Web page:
Once upon a time I was very focused on VOIP (Voice Over Internet Protocol, a method for taking analog audio signals and turning them into digital data that can be transmitted over the Internet.). But the VOIP market very quickly became saturated and had a lot of unchangeable legacy technical challenges. So I pivoted. Don’t be afraid to pivot! I had to make three major pivots to get where I am now.
What is one business idea that you’re willing to give away to our readers?
Recycling laptop batteries (which typically contain 18650-type lithium ion cells) into portable or emergency power sources. Quite often 1 out of 6 cells in a laptop battery pack fails. This renders the whole battery pack useless and the remaining five perfectly good cells go to the
landfill or recycler or wherever. If someone could disassemble those battery packs and turn those good cells into larger power banks they would have something akin to the Tesla Powerwall. There is already a hobby industry successfully doing this. Just search for “DIY powerwall” on the web or YouTube.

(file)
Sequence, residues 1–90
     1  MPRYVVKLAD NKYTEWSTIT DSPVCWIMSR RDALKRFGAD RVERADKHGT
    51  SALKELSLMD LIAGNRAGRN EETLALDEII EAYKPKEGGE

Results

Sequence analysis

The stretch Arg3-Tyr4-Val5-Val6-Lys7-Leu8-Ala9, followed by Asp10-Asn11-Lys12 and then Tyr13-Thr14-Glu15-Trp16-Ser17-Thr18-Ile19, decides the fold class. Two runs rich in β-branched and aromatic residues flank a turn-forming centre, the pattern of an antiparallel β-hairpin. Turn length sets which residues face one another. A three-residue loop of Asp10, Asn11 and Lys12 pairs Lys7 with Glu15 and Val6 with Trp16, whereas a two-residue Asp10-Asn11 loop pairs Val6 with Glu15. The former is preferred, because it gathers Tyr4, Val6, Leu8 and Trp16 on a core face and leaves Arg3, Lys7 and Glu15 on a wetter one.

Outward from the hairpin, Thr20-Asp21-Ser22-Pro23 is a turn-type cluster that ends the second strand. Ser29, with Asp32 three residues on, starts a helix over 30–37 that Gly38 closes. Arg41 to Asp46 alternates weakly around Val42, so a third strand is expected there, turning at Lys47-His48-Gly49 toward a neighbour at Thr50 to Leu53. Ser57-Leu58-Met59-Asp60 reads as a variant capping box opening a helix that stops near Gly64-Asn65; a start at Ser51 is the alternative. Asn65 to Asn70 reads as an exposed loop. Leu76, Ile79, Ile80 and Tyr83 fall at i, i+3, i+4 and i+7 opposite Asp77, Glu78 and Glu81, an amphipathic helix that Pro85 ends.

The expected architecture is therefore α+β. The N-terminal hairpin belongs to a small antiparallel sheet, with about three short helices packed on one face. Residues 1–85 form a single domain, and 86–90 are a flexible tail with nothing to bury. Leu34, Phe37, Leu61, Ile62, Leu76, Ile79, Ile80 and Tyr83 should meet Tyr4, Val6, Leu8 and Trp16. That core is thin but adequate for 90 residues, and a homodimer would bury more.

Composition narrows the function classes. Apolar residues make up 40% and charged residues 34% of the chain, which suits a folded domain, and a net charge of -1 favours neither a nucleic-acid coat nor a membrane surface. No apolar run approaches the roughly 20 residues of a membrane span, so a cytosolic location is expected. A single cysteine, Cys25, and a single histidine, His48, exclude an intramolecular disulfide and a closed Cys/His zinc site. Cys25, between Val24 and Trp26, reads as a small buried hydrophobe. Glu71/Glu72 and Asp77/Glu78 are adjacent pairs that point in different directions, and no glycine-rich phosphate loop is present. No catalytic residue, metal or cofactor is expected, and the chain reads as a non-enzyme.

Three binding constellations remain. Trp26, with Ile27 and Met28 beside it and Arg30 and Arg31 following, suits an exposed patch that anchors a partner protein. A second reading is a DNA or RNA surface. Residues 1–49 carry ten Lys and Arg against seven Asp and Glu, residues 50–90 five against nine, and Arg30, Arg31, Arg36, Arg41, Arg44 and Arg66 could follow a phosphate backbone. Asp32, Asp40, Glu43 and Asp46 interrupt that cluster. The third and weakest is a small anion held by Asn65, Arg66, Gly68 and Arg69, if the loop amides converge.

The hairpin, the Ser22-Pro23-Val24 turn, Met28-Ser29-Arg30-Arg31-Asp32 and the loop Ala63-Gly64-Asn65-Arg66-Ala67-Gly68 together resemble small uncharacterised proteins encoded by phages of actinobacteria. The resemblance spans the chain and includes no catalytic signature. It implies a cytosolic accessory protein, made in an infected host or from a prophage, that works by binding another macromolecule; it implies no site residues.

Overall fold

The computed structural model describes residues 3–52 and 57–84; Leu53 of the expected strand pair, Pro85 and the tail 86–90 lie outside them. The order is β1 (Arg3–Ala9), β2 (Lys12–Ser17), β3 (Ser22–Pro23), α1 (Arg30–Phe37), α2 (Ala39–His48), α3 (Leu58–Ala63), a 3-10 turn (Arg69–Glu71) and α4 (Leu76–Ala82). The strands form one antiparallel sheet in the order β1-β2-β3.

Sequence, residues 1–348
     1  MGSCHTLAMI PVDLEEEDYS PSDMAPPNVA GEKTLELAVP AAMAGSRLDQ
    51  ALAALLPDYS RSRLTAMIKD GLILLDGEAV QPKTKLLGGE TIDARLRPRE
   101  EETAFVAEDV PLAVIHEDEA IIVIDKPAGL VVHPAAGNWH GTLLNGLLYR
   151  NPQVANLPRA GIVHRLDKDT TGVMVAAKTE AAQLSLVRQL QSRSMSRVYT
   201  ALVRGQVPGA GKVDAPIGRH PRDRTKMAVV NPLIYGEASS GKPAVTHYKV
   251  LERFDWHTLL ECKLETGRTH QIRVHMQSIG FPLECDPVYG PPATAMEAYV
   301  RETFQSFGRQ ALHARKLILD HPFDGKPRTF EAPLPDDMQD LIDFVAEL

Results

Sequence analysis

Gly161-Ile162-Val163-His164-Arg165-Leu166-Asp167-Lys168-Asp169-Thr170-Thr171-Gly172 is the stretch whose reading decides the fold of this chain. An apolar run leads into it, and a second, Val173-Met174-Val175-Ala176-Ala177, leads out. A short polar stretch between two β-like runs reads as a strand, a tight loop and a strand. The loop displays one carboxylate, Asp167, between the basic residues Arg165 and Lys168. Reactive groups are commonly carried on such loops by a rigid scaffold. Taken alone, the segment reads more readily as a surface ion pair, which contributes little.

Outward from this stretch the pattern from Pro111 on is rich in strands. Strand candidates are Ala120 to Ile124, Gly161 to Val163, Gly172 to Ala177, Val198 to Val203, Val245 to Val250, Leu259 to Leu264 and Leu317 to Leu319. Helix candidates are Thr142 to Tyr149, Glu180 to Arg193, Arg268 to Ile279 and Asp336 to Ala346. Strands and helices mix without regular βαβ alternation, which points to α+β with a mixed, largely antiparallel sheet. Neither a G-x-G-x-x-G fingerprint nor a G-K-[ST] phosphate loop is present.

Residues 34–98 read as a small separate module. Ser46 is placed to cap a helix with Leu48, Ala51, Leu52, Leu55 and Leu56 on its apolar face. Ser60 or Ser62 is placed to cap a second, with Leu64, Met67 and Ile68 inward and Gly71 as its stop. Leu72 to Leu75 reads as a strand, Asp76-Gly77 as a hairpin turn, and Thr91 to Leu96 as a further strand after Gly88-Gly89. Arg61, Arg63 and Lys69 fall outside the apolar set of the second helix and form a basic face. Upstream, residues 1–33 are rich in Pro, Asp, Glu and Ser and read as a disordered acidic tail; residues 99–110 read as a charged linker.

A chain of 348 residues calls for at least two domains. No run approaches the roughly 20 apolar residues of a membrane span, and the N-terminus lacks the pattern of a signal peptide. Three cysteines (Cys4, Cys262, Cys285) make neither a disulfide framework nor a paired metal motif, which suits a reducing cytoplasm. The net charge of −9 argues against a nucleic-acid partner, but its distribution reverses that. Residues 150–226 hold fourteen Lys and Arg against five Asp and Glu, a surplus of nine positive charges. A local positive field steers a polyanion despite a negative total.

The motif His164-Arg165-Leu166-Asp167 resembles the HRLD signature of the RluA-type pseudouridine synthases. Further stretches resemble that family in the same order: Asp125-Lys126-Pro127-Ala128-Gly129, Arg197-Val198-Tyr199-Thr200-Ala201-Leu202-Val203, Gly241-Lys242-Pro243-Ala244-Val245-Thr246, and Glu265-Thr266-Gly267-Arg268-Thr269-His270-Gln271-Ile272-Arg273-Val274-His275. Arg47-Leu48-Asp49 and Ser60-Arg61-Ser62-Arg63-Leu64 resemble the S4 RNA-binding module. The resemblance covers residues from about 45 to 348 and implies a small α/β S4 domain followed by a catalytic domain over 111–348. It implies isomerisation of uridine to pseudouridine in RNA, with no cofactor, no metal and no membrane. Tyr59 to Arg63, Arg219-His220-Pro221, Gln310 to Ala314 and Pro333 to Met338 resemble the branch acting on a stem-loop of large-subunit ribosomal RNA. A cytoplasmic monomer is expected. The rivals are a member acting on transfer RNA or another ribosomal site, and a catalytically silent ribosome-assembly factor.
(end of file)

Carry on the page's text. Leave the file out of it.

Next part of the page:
What is the best $100 you recently spent? What and why?
$100 on flowers for my beautiful wife celebrating an important personal anniversary of hers (not our marriage).
What is one piece of software or a web service that helps you be productive? How do you use it?
What is the one book that you recommend our community should read and why?
Ready Player One by Ernest Cline. A fun and nostalgic (read it, you’ll see what I mean) look into how virtual reality, cyber space, and gaming culture could all come together to make for a very interesting future.
What is your favorite quote?
“When the student is ready the teacher will appear.” – Possibly Buddha Siddhartha Guatama Shakyamuni (but just as likely not)
- Sometimes it takes a long time but maintain constant movement towards the goal, no matter how small or slow, and you eventually get there.
- Help other people out. Throw them a bone every now and then. We aren’t stingy with our knowledge even when there isn’t an obvious immediate reward. People remember when you got them out of a jam and will come back to you later.
- Stay current. Don’t let yourself fall behind in technology or anything else.
The 100 Best Books For Entrepreneurs
Sign up for our emails and we'll send you a list of the 100 best books for entrepreneurs, which we compiled by analyzing over 3,000 interviews.